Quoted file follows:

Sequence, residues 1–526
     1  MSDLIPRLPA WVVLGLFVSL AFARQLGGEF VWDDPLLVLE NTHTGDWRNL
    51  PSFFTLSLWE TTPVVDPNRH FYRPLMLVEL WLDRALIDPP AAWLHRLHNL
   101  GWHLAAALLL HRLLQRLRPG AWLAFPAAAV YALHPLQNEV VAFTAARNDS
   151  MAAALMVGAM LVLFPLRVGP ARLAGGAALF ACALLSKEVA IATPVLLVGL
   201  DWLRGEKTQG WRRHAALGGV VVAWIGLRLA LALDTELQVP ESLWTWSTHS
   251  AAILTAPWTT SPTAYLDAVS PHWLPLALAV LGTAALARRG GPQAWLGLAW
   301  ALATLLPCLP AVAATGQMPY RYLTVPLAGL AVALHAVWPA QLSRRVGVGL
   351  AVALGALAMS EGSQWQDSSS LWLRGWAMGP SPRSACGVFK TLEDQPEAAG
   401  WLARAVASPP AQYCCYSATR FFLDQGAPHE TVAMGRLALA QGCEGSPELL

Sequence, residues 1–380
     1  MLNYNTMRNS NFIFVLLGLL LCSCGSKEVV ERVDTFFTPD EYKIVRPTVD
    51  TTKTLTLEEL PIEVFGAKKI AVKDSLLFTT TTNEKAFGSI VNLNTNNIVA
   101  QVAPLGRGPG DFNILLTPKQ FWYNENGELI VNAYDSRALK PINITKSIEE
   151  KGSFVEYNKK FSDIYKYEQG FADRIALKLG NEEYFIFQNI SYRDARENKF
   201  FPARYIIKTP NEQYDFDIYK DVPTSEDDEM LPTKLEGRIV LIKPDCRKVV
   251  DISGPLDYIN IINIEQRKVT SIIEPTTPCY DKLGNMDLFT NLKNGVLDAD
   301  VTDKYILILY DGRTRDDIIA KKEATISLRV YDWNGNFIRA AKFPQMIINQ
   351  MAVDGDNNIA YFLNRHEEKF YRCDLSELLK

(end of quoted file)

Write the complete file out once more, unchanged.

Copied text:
Sequence, residues 1–526
     1  MSDLIPRLPA WVVLGLFVSL AFARQLGGEF VWDDPLLVLE NTHTGDWRNL
    51  PSFFTLSLWE TTPVVDPNRH FYRPLMLVEL WLDRALIDPP AAWLHRLHNL
   101  GWHLAAALLL HRLLQRLRPG AWLAFPAAAV YALHPLQNEV VAFTAARNDS
   151  MAAALMVGAM LVLFPLRVGP ARLAGGAALF ACALLSKEVA IATPVLLVGL
   201  DWLRGEKTQG WRRHAALGGV VVAWIGLRLA LALDTELQVP ESLWTWSTHS
   251  AAILTAPWTT SPTAYLDAVS PHWLPLALAV LGTAALARRG GPQAWLGLAW
   301  ALATLLPCLP AVAATGQMPY RYLTVPLAGL AVALHAVWPA QLSRRVGVGL
   351  AVALGALAMS EGSQWQDSSS LWLRGWAMGP SPRSACGVFK TLEDQPEAAG
   401  WLARAVASPP AQYCCYSATR FFLDQGAPHE TVAMGRLALA QGCEGSPELL

Sequence, residues 1–380
     1  MLNYNTMRNS NFIFVLLGLL LCSCGSKEVV ERVDTFFTPD EYKIVRPTVD
    51  TTKTLTLEEL PIEVFGAKKI AVKDSLLFTT TTNEKAFGSI VNLNTNNIVA
   101  QVAPLGRGPG DFNILLTPKQ FWYNENGELI VNAYDSRALK PINITKSIEE
   151  KGSFVEYNKK FSDIYKYEQG FADRIALKLG NEEYFIFQNI SYRDARENKF
   201  FPARYIIKTP NEQYDFDIYK DVPTSEDDEM LPTKLEGRIV LIKPDCRKVV
   251  DISGPLDYIN IINIEQRKVT SIIEPTTPCY DKLGNMDLFT NLKNGVLDAD
   301  VTDKYILILY DGRTRDDIIA KKEATISLRV YDWNGNFIRA AKFPQMIINQ
   351  MAVDGDNNIA YFLNRHEEKF YRCDLSELLK